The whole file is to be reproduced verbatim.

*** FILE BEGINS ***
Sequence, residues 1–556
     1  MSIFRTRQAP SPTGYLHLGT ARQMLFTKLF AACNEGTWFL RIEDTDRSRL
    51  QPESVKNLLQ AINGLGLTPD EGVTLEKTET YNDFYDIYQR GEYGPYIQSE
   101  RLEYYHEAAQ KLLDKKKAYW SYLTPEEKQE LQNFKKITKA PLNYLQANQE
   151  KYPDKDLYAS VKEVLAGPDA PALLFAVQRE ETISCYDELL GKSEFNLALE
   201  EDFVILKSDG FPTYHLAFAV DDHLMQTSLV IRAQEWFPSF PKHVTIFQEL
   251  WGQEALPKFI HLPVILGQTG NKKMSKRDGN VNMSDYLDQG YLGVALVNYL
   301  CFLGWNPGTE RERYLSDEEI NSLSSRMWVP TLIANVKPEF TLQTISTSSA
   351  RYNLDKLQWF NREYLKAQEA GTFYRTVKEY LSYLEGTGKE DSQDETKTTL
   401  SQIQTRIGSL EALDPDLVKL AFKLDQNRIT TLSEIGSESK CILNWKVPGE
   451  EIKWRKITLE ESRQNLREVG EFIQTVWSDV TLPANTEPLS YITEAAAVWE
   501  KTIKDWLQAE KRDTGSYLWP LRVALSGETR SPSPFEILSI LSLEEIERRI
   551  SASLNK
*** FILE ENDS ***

Sequence, residues 1–556
     1  MSIFRTRQAP SPTGYLHLGT ARQMLFTKLF AACNEGTWFL RIEDTDRSRL
    51  QPESVKNLLQ AINGLGLTPD EGVTLEKTET YNDFYDIYQR GEYGPYIQSE
   101  RLEYYHEAAQ KLLDKKKAYW SYLTPEEKQE LQNFKKITKA PLNYLQANQE
   151  KYPDKDLYAS VKEVLAGPDA PALLFAVQRE ETISCYDELL GKSEFNLALE
   201  EDFVILKSDG FPTYHLAFAV DDHLMQTSLV IRAQEWFPSF PKHVTIFQEL
   251  WGQEALPKFI HLPVILGQTG NKKMSKRDGN VNMSDYLDQG YLGVALVNYL
   301  CFLGWNPGTE RERYLSDEEI NSLSSRMWVP TLIANVKPEF TLQTISTSSA
   351  RYNLDKLQWF NREYLKAQEA GTFYRTVKEY LSYLEGTGKE DSQDETKTTL
   401  SQIQTRIGSL EALDPDLVKL AFKLDQNRIT TLSEIGSESK CILNWKVPGE
   451  EIKWRKITLE ESRQNLREVG EFIQTVWSDV TLPANTEPLS YITEAAAVWE
   501  KTIKDWLQAE KRDTGSYLWP LRVALSGETR SPSPFEILSI LSLEEIERRI
   551  SASLNK